In lieu of an abstract, here is a brief excerpt of the content:

  • Revisiting Stagg’s University and College Football Historiography
  • Lane Demas

The purpose of this section is to reconsider and re-evaluate texts that won the NASSH Book Award in its inaugural decade. Fuller details can be found in issue 37.3. Here Lane Demas addresses Robin Lester’s 1995 Stagg’s University: The Rise, Decline, and Fall of Big-Time Football at Chicago.

In 1996, Stagg’s University: The Rise, Decline, and Fall of Big-Time Football at Chicago (University of Illinois Press, 1995) received the annual North American Society for Sport History (NASSH) book award. Over the next fifteen years, Robin Lester’s study was followed by a number of excellent scholarly books on college football and its history, and a sampling (by no means exhaustive) reveals the lasting impact of Lester’s methodology and [End Page 111] narrative. One can find his influence on a range of subsequent titles, from John M. Carroll’s Red Grange and the Rise of Modern Football (winner of the 2000 NASSH book award), Gerald Gems’s For Pride, Profit, and Patriarchy (2000), and Mark Bernstein’s Football: The Ivy League Origins of an American Obsession (2001), to John Watterson’s College Football: History, Spectacle, Controversy (2000), Kurt Kemper’s College Football and American Culture in the Cold War Era (2009), and Michael Oriard’s King Football (2001) and Bowled Over (2009).1 Lester’s book even helped provide a foundation for other studies more indirectly devoted to college football, such as Pamela Grundy’s Learning to Win (2002 NASSH winner), Murray Sperber’s Beer and Circus (2000), or some of the essays in Patrick Miller’s edited collection, The Sporting World of the Modern South (2002).2 And finally, although Lester wrote little about race or racial integration in Stagg’s University (a criticism Ronald A. Smith noted in a 1996 review of the book), his case study of the game’s impact on one university helped contribute to subsequent studies on African Americans in college football, such as Charles Martin’s Benching Jim Crow (2010) and my own Integrating the Gridiron (2010).3 Many of these titles were reviewed and discussed in tandem elsewhere— including another excellent 2002 essay by Smith that appeared in this journal—so rather than attempt an extensive historiography, what follows are simply a few reflections on the ways in which Lester’s book remains central to college football history and the game’s current discourse even as subsequent authors have asked new questions and extended the field into new areas unexamined in Stagg’s University.4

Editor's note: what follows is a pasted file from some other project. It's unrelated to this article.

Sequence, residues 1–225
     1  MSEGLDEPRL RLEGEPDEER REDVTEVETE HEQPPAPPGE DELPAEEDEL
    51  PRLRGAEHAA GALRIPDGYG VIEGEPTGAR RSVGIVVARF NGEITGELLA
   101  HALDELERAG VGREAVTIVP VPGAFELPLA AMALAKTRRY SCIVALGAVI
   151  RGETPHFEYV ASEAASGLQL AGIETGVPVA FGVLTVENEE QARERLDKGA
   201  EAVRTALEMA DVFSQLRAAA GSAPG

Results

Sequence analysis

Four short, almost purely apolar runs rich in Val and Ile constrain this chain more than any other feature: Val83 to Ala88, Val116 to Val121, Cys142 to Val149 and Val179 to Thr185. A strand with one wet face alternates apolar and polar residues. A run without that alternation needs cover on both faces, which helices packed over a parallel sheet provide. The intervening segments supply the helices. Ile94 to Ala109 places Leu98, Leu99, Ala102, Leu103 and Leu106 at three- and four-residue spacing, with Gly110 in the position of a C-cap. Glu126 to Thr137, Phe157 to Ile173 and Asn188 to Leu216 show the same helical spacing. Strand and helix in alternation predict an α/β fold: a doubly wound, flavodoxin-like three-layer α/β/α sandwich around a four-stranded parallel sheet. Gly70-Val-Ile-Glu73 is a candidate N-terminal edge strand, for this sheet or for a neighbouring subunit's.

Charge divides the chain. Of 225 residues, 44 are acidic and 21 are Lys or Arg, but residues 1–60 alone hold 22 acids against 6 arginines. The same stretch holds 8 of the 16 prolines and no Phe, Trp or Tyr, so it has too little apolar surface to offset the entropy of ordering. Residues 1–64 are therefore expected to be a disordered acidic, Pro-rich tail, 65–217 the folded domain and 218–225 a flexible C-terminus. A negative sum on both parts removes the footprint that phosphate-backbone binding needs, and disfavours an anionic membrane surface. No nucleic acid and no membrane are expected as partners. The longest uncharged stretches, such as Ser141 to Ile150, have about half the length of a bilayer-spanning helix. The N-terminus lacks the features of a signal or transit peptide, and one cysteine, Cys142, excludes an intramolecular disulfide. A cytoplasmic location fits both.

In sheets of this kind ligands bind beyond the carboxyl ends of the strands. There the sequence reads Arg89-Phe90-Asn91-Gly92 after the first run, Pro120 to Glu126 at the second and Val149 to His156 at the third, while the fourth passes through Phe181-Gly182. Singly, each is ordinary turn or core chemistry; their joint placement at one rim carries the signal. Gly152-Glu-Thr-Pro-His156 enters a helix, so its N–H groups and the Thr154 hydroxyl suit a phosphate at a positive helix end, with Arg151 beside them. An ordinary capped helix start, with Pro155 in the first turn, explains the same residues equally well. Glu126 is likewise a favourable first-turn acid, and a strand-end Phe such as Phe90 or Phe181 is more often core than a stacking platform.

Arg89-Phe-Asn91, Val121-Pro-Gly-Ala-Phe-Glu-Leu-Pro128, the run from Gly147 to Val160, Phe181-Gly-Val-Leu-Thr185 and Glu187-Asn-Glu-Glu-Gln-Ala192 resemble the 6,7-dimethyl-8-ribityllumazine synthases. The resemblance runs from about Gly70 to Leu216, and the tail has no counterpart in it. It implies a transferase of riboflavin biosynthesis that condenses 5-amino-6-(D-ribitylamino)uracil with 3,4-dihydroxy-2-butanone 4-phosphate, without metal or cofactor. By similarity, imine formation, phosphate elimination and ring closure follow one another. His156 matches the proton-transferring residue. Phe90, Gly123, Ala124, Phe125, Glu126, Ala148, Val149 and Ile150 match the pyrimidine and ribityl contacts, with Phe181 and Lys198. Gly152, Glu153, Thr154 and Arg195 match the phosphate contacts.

Ironically, Lester published his history of football at the University of Chicago (emphasizing the years 1892–1939) right when Northwestern University—Chicago’s other elite research university—won the Big Ten Conference football championship for the first time in sixty years, breaking a forty-seven-year Rose Bowl drought. The Wildcats’ success in 1995 and 1996 drew national media attention and reignited debate over whether Northwestern over-emphasized football at the risk of compromising its academic integrity, or whether elite schools in general could maintain strict academic standards and still compete in the most powerful football conferences. Fans were even treated to another round of articles discussing the so-called “Flutie Factor” (USA Today reported that admissions applications shot up 21 percent at Northwestern after the team’s success).5 In short, when it first came out Stagg’s University was about as relevant a study as a historian could hope for. One hundred years after Amos Alonzo Stagg was hired to bring major college sport to Chicago, the same city grappled with the same questions.

And Lester’s engaging, well-written history remains as relevant now as it was in 1995. Writing that “the American academy has done remarkably little investigation of the origins and course” of intercollegiate sport, he produced what he called “the first scholarly case study of the full course of intercollegiate football at an American university.”6 Beginning with the University of Chicago’s founding years and the hiring of Stagg by inaugural President William Rainey Harper, Lester charted the growth of intercollegiate athletics over the next two decades at the school, particularly the football...


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